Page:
- Dung, P. M. 1995. "On the acceptability of arguments and its fundamental role in nonmonotonic reasoning, logic programming and $n$-person games", Artificial Intelligence 77: 321--357.
- Modgil, S. 2009. "Reasoning about preferences in argumentation frameworks", Artificial Intelligence 173, nos. 9/10: 901-934.
Monday, August 30, 2010
Dialogical logic and abstract argumentation frameworks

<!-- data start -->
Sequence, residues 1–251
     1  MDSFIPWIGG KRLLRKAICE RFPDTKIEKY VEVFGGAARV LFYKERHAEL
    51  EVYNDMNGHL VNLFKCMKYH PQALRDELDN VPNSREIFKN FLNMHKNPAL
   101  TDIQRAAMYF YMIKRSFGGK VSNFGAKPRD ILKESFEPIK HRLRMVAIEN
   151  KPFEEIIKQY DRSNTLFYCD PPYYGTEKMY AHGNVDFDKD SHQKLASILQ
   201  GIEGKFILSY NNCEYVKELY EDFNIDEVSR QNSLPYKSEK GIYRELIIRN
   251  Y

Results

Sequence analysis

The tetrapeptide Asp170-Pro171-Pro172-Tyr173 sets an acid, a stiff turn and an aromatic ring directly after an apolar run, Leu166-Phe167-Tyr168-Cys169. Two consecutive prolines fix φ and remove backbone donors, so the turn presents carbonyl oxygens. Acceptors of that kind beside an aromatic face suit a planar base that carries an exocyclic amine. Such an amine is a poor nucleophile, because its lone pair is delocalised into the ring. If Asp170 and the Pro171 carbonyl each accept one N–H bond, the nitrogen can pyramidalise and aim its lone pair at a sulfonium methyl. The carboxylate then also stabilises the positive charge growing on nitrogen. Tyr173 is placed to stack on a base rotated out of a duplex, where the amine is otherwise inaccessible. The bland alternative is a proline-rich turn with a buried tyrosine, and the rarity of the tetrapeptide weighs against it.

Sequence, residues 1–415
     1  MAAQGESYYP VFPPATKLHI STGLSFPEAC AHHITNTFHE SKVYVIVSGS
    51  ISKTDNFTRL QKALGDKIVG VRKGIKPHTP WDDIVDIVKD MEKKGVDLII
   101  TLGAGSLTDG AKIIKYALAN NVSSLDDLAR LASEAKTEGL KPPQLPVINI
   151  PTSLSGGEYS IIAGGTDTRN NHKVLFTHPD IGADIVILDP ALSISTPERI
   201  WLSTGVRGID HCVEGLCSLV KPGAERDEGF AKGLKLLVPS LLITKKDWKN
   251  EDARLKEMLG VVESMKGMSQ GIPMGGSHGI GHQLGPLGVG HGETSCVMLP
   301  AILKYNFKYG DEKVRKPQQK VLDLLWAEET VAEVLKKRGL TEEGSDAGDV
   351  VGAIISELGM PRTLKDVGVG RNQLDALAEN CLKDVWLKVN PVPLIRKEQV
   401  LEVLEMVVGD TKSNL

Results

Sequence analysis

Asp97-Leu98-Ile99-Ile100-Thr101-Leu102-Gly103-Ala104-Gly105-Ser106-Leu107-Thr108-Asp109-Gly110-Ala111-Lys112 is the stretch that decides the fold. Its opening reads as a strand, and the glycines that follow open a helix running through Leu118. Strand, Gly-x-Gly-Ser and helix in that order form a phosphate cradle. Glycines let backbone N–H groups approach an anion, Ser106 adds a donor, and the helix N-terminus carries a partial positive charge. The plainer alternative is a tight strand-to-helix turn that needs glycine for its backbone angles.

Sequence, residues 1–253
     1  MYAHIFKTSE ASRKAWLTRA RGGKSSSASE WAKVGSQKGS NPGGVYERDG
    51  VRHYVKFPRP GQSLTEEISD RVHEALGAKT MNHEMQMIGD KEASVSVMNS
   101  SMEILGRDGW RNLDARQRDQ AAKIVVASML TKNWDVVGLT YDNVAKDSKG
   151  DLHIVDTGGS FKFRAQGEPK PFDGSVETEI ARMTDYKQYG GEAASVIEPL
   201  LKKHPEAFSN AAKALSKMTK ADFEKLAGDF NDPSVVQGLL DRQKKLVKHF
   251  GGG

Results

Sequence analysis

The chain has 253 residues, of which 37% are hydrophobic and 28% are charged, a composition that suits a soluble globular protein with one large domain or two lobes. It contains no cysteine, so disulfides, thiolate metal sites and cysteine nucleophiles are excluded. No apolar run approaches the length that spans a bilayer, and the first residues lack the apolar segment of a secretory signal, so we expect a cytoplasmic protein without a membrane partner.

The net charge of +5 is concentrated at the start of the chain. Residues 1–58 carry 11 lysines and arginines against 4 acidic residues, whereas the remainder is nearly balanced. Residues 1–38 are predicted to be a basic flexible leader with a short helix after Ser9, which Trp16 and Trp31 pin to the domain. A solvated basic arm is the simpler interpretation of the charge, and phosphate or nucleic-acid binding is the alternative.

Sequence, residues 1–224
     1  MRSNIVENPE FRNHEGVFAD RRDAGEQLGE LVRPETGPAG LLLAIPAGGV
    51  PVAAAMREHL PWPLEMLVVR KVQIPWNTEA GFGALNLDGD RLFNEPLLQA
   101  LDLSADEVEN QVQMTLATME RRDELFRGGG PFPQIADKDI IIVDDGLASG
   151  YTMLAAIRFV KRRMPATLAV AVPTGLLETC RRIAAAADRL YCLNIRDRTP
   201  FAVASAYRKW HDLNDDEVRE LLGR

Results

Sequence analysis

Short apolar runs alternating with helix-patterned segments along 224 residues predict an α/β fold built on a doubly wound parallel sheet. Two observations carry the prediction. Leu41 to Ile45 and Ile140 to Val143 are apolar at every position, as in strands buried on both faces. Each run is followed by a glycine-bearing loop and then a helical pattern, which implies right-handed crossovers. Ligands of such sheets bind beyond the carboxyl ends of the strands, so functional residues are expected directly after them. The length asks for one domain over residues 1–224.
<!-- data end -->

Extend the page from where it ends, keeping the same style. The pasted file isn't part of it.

Two weeks ago I was back in Lisbon for ECAI, and after having attended quite a few talks, tutorials, and workshops on dialogues and argumentation. This has caused me to start thinking about some alternative approaches to dialogical logic, which may or may not turn out to be fruitful in the long run, and I started writing up a blogpost about them. However, I got sidetracked and didn't finish the post until now. Argumentation frameworks (AFs) were introduced in Dung 1995. In their most basic form, an argumentation framework is a pair $\langle X,R\rangle$, where X is a set of arguments and R is a binary relation on X called an attack relation, specifying which arguments are attacks on other arguments. Both the arguments and the attack relation are considered atomic/basic; in an AF, there is no further structure to either, they are just given. AFs have been extended in various ways; one such way is by allowing arguments to attack not just other arguments but also the attack relations themselves. AFs with this functionality are called Extend Argumentation Frameworks. One can think of an attack on an attack relation as a defense against that attack. The notion of attacks and defense in the AF and EAFs parallels, at least superficially, the notion of attack and defense in dialogical logic, so the natural question that arises is whether EAFs could be used to model dialogical logic, and, if so, whether this would give us any new insights. To be more precise: For a given formula $\phi$ we can construct a directed graph $D_\phi$ where the nodes of $D_\phi$ are the subformulae of $\phi$ along with the symbolic attacks ?L, ?R, and ?, and there is an edge from node $x$ to node $x'$ if $x$ is an attack of $x'$, according to the set of particle rules in place. We can then extend this graph to one with edges between nodes and other edges, where there is an edge between node $x$ and edge $e$ iff $x$ is a defense of the attack represented by $e$. Once we've represented a dialogical formula this way, we need to answer the following questions to determine whether this representation is helpful or not: - Such a representation does not keep track of either the player making the move or the round in which it occurs. Do we need to add this information? - Does representing a dialogue in this way differ at all from the tree representation of winning strategies given by Felscher? - Are there properties of these graphs that are worth exploiting; that is, are there any correspondents between properties of the graph and the existence of a winning strategy for P? - If we do introduce labels for players and rounds, then how do we represent the structural rules in terms of constraints on the graphs? For example, D10 would say that for any propositional letter, the label for P must be larger than the label for O. Put this way, it makes me think that if we build in player and round information into the labeling of the edges, we're going to end up with something that is just isomorphic to Felscher's trees, and hence this will not provide us with any new insights. - Even so, it would be interesting to ask if all the (known) structural rules can be expressed as constraints on the labeling. References: